To determine the reason for differing shunt rates based on electroencephalographic (EEG) and neurologic changes during general and regional anesthetic, respectively, we compared simultaneous EEG tracings and neurologic status in 135 patients undergoing carotid endarterectomy (CEA) under cervical block over a 30-month period. The decision to shunt in these patients was made on the basis of neurologic changes only irrespective of EEG findings. This group was then compared to the 288 patients undergoing CEA under general anesthetic with EEG monitoring over the same period. EEG changes occurred in 7.4% of awake patients and 15.3% of asleep patients (p < 0.03). The rates of ipsilateral hemispheric changes were similar, but no awake patient manifested global EEG changes with clamping while 3.5% of patients under general anesthesia did (p < 0.04). Global, but not hemispheric, changes were correlated with systolic blood pressure variability during clamping. This implies that global EEG changes in anesthetized patients may be the result of the anesthetic technique itself, and that cervical block may in fact be cerebroprotective.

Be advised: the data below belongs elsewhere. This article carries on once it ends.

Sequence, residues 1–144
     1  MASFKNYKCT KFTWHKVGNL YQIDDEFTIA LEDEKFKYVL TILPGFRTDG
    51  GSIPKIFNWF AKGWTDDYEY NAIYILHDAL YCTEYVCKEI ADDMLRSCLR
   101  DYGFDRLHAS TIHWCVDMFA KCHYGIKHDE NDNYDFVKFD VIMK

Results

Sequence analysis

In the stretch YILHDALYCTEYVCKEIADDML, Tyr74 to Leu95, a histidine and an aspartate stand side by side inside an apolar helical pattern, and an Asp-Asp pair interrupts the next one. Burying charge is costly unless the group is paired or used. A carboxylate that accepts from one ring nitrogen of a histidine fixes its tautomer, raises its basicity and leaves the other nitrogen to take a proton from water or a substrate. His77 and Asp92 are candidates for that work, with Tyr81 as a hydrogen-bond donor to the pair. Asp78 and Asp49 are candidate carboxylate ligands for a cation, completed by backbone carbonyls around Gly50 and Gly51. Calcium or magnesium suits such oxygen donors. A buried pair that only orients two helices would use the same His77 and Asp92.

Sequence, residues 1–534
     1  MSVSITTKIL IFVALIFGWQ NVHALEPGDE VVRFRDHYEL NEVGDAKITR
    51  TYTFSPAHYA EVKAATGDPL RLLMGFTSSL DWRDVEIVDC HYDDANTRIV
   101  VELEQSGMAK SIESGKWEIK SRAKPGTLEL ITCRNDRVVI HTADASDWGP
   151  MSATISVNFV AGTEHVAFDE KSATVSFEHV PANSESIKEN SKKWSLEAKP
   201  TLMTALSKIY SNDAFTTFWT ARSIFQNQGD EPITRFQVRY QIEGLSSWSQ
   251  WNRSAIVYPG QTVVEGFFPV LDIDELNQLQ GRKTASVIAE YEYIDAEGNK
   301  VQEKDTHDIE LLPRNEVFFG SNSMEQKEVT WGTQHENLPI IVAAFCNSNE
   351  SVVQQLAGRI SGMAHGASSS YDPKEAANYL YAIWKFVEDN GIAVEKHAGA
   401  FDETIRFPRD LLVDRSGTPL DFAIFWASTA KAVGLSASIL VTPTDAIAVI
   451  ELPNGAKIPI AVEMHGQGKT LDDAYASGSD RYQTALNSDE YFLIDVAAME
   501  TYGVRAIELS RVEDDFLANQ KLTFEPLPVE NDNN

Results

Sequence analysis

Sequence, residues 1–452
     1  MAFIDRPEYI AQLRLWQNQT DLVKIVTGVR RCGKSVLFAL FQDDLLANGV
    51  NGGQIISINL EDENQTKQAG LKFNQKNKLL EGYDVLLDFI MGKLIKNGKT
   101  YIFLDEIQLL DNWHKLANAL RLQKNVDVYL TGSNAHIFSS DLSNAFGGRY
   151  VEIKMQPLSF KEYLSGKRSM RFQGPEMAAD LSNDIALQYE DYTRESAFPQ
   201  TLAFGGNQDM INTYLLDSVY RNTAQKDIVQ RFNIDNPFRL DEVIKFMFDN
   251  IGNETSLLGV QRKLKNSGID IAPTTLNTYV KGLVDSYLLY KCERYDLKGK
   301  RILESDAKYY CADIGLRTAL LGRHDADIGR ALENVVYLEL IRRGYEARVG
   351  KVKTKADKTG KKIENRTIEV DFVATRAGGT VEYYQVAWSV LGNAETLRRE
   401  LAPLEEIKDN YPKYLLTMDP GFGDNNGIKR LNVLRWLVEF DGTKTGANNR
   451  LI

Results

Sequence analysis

|Original language||English (US)|
|Number of pages||6|
|Journal||Annals of Vascular Surgery|
|State||Published - Jan 1 2002|
ASJC Scopus subject areas
- Cardiology and Cardiovascular Medicine